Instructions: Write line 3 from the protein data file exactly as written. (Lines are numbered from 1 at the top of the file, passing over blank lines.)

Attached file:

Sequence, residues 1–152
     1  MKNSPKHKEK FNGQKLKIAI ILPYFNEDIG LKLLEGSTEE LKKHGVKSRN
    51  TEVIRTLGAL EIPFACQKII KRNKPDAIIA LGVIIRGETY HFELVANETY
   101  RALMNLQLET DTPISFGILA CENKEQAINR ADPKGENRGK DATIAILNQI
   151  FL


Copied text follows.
    51  TEVIRTLGAL EIPFACQKII KRNKPDAIIA LGVIIRGETY HFELVANETY